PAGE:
Remastered for PS5, those who have already played Uncharted 4: A Thief’s End or The Lost Legacy, especially on PS4 Pro, might look at screenshots of Uncharted: Legacy of Thieves Collection and wonder how the games have actually been improved. The truth is, both Uncharted 4: A Thief’s End and The Lost Legacy were already stunning-looking games despite their age, and so visual upgrades are scant. The only really obvious enhancement is improved shadows. Instead, this collection focuses on the implementation of PS5-centric features such as 3D sound and DualSense support. It also has dramatically reduced loading times, and more importantly, improved performance.

Three graphics modes are available in Uncharted: Legacy of Thieves Collection. Those who are all about the visuals can select Fidelity, which pushes 4K albeit at 30fps. It really does make the visuals shine, but playing at 30fps seems a bit old-hat now. Most, then, will settle for Performance mode, which renders at 1440p before upscaling to 4K, and runs at a smooth 60fps. It both looks fantastic and plays great; at 60fps, the gameplay of both Uncharted 4: A Thief’s End and The Lost Legacy is transformed, with gunplay being noticeably improved.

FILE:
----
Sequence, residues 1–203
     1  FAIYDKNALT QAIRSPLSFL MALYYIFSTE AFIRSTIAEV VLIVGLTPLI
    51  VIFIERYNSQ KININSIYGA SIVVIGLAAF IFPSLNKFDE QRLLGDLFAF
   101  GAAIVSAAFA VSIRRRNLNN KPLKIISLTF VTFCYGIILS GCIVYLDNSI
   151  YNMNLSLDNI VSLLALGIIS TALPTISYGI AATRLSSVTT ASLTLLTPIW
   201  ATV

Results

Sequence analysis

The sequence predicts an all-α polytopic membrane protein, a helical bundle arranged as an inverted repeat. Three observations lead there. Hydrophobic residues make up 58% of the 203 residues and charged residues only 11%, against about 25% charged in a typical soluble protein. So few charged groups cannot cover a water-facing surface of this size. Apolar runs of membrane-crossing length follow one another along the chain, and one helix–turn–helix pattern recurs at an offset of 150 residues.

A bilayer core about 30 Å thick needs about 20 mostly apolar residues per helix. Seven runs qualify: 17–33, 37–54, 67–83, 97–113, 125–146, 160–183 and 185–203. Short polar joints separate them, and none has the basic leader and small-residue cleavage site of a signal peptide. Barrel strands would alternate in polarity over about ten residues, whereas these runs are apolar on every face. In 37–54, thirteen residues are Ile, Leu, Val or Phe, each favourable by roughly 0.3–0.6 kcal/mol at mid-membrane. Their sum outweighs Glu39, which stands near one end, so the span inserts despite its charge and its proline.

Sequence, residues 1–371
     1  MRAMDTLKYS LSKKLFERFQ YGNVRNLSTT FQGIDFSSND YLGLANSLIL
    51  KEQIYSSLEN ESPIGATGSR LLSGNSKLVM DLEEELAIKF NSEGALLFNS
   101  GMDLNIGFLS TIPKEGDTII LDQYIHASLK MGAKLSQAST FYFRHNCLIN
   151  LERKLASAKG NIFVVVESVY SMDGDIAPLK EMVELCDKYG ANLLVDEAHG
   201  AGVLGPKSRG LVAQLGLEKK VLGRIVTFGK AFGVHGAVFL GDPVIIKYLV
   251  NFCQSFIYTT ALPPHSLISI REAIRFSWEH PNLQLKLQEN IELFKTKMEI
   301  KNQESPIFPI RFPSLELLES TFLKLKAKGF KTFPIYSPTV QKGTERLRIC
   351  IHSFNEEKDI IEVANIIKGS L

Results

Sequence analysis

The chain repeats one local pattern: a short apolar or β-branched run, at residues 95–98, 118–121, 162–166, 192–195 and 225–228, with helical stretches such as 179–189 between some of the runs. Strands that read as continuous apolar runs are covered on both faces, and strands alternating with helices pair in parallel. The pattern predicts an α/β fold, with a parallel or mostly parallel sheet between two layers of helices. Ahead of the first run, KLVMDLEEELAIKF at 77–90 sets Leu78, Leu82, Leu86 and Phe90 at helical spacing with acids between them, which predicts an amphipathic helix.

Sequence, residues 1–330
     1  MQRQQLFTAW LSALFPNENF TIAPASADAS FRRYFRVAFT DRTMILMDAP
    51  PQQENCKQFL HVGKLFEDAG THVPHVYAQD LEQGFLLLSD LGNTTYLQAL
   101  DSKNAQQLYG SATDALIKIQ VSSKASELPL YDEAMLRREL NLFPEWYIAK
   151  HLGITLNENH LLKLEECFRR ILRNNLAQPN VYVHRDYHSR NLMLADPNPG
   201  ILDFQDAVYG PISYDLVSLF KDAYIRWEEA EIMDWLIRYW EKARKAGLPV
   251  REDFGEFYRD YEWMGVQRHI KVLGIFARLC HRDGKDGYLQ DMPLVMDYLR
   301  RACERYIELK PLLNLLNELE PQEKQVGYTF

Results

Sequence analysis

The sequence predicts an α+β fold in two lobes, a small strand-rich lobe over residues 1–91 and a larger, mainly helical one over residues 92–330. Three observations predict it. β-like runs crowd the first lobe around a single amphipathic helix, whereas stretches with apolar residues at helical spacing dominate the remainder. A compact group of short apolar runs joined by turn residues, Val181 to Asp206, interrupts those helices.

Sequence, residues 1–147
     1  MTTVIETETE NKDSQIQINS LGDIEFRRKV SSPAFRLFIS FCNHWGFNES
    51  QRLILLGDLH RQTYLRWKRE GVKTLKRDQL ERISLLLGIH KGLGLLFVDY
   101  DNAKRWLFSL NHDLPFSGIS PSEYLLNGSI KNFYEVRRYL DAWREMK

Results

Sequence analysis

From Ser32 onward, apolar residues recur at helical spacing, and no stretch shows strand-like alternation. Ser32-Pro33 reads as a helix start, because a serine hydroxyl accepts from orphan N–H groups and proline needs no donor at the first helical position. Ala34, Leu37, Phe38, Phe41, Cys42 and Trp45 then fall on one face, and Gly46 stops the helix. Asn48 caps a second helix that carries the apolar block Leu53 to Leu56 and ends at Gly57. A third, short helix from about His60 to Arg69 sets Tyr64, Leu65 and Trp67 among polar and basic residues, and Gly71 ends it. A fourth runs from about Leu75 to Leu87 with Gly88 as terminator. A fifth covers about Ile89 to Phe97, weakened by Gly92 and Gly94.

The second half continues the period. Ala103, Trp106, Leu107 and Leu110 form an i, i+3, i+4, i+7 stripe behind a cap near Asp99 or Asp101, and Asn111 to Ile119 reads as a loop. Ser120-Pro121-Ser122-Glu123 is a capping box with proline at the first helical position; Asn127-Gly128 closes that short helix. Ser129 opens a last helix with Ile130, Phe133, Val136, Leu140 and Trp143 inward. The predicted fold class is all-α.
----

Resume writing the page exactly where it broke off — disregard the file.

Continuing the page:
The action can be made even smoother if you have a cutting-edge TV up to the task. Performance+ graphics mode takes the resolution down further – to 1080p – but allows the framerate to go all the way up to 120fps. Those sensitive to the difference between 60 and 120fps may want to make to use of it, especially given that it only makes the visuals that little bit more blurry. It’s just a shame that the multiplayer aspect of Uncharted 4: A Thief’s End, which would really benefit from the upgrade, isn’t included.